In early August, rumors swirled that the San Francisco Police Department might close down its Vicious and Dangerous Dog Unit (VDDU). Many of us in the San Francisco dog community were concerned.
What is the VDDU? Consider some possible scenarios: your dog has had an unfair complaint filed against her, or you or your dog have been hurt through the negligence of another dog owner, or you feel it necessary to make a complaint against a dog due to public safety concerns.
When such incidents happen in San Francisco, the VDDU has oversight. The Unit, built basically from scratch, has garnered so much respect over the years that it has been replicated by many other municipalities.
Before the VDDU became full-time, cases involving problem behavior by dogs and dog owners were randomly assigned to police or officers of Animal Care & Control, the City’s public animal agency. Investigations were spotty and inconsistent, and the dogs involved were almost always put to death.
The difference between then and now was made possible by two SFPD officers, Sgt. William Herndon and Officer John Denny. Since Sgt. Herndon and Officer Denny began adjudicating and building the Unit in 1992 and 1993, cases have been fully and fairly investigated. Now Sgt. Herndon has retired and some changes are in the works.
Prior to completing a case, Sgt. Herndon and Officer Denny looked at all of its aspects, including history of the dog and owner, specific circumstances of the incident, any special contributing factors, physical evidence, behavior assessments, etc. There was communication with all concerned parties. There was compliance follow-up.
Early intervention rulings, if deemed appropriate – such as an owner and dog being required to attend a training class – can provide dog owners with an opening to a new world. Like spokes going out from the center of a wheel, the benefits of such rulings for the dogs and people involved, and subsequently the community at large, have enormous potential.
Sometimes, however, the solutions are not so rosy. Ordering a dog to be muzzled in public at all times is one safety solution that may be deemed necessary. At times euthanasia is ordered. The officers must make life-and-death decisions, however difficult they may be for the involved parties.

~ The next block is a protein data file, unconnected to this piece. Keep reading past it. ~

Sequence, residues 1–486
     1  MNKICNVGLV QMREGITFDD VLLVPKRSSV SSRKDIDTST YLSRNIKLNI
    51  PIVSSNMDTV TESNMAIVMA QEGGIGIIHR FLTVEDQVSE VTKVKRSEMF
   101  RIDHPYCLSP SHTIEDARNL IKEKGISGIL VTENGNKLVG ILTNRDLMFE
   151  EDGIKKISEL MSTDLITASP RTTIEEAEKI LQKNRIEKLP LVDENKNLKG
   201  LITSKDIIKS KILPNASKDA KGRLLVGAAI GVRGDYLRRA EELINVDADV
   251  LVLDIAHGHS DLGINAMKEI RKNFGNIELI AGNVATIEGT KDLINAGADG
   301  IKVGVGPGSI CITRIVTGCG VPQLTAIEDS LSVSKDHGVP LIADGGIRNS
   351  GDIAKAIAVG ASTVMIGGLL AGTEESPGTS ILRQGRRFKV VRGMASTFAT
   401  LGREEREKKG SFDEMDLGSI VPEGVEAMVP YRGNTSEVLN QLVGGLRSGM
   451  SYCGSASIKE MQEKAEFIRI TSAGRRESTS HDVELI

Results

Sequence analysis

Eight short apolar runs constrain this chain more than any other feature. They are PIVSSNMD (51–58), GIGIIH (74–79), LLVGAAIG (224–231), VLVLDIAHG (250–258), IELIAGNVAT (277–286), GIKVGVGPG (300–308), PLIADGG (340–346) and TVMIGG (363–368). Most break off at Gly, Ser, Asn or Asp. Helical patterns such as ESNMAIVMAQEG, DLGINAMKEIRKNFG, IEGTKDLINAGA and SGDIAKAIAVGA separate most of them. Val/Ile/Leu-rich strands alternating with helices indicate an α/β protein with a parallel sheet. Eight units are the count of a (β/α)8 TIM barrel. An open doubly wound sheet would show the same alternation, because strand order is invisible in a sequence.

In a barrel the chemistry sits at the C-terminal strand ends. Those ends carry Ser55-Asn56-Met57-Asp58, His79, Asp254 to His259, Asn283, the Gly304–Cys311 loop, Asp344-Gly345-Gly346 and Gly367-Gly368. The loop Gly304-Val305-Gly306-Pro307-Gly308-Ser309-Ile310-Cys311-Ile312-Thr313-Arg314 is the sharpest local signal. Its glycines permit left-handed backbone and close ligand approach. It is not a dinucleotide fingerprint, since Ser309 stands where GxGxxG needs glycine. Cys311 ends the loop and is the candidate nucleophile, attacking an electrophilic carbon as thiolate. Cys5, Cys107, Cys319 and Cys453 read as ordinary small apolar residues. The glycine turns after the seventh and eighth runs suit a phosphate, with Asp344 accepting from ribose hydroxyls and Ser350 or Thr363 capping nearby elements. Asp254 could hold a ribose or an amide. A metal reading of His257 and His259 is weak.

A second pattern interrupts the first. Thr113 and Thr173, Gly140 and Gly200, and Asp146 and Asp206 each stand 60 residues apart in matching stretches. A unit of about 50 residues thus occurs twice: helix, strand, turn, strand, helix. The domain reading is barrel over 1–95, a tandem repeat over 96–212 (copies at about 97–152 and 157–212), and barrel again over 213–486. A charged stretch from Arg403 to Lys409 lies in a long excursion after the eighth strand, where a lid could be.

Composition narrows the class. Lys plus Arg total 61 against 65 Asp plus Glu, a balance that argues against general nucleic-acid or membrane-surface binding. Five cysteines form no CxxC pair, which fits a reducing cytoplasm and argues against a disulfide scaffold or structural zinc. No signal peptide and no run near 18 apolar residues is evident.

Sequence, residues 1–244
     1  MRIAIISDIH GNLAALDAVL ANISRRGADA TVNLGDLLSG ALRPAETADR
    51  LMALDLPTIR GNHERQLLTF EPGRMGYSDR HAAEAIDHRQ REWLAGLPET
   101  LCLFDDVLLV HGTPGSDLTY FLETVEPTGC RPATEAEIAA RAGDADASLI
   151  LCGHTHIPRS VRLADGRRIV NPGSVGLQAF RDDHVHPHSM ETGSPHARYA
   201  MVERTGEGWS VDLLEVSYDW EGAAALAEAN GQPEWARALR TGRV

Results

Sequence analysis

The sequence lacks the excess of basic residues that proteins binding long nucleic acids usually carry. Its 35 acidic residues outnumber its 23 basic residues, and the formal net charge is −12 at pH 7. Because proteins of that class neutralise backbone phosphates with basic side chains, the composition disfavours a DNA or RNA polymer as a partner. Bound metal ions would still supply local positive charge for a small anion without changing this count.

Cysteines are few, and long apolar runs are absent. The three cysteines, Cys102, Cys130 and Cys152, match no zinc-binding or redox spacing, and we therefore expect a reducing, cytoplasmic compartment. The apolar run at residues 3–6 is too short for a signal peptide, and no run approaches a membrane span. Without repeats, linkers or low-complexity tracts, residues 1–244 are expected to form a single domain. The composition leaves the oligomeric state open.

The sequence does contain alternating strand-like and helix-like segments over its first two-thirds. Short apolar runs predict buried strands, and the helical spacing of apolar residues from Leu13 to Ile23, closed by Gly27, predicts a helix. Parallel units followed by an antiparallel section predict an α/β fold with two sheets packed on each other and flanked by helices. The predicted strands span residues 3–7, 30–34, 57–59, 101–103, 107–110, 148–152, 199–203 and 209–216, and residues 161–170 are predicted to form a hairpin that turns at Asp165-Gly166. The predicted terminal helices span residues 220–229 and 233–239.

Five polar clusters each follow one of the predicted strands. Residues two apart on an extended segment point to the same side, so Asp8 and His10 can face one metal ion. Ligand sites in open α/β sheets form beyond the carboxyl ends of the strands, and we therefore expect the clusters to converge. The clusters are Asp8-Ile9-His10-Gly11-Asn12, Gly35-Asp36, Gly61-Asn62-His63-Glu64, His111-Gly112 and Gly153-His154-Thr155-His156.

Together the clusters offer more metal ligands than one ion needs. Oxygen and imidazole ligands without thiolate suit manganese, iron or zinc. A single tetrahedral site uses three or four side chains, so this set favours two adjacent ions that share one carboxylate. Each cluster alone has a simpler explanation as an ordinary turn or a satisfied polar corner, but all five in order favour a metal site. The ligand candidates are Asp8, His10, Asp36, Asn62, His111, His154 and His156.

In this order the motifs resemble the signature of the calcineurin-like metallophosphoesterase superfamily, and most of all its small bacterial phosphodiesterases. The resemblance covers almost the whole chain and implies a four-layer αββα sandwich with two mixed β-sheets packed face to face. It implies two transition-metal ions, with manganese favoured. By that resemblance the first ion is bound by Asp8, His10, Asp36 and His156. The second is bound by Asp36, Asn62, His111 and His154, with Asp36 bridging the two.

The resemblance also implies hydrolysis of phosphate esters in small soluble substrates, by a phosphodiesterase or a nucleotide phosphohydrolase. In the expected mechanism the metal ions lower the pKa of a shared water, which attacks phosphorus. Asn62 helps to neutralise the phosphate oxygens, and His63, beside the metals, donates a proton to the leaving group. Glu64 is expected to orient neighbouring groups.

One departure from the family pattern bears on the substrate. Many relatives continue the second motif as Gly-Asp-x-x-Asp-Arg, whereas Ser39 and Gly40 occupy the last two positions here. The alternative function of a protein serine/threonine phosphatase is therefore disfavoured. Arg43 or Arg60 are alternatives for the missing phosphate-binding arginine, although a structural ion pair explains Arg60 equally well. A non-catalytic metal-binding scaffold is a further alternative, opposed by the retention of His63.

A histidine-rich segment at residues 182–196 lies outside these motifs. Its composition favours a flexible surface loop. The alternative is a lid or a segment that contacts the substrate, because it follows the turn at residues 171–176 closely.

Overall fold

Multi-layered and extremely complex, the VDDU is community policing at its best. When rumors started that the Unit might be abolished once Sgt. Herndon retired, the community went into action, sending letters and emails, and leaving phone messages for police decision-makers. Our concerns were heard.
The SFPD brass has made it clear that they understand the value of the Unit and that it will never be closed. In fact, additional constructive methods to expand and improve it are in the works. The public can still rely on the fairness of the process and can look forward to improved training, education, and communication regarding dog incidents in the community.
Officer Sherry Hicks now presides over the Unit, with Officer Denny remaining as investigating officer. Hicks, carefully chosen for this position, is committed to community outreach and education with both dog owners and non-dog people; training other police officers to work effectively with dog/owner situations; and early intervention that can prevent a major incident from occurring.
A16-year veteran of SFPD, Hicks has taught at its Academy. She is a self-described animal lover with two dogs and a “plethora of kitties.” Although not a novice regarding dog behavior, she has asked for permission to spend some of her work time gaining additional knowledge from local experts.
“Some have said I’ve gone to the dogs, but I’m proud and very happy and I can’t wait to get going,” Hicks said.
Both Hicks and Denny know the law, are familiar with the many dog issues in San Francisco, and have a teamwork approach with the three agencies involved in dog cases. Their willingness to look at each aspect of each case and to make very careful decisions about people and their animals, no matter how difficult, shows courage, compassion, and an innate sense of justice.
Some fine tuning remains to be done to finalize and codify the reorganization of the Unit. Many of us in the local community look forward to being of assistance.
Finally, a very fond farewell to Sgt. Bill Herndon, with heartfelt thanks for all his years of fine work from an unsung hero. Bravo!
You can reach the VDDU by calling John Denny at 415-554-9213 or Sherry Hicks at 415-554-9214.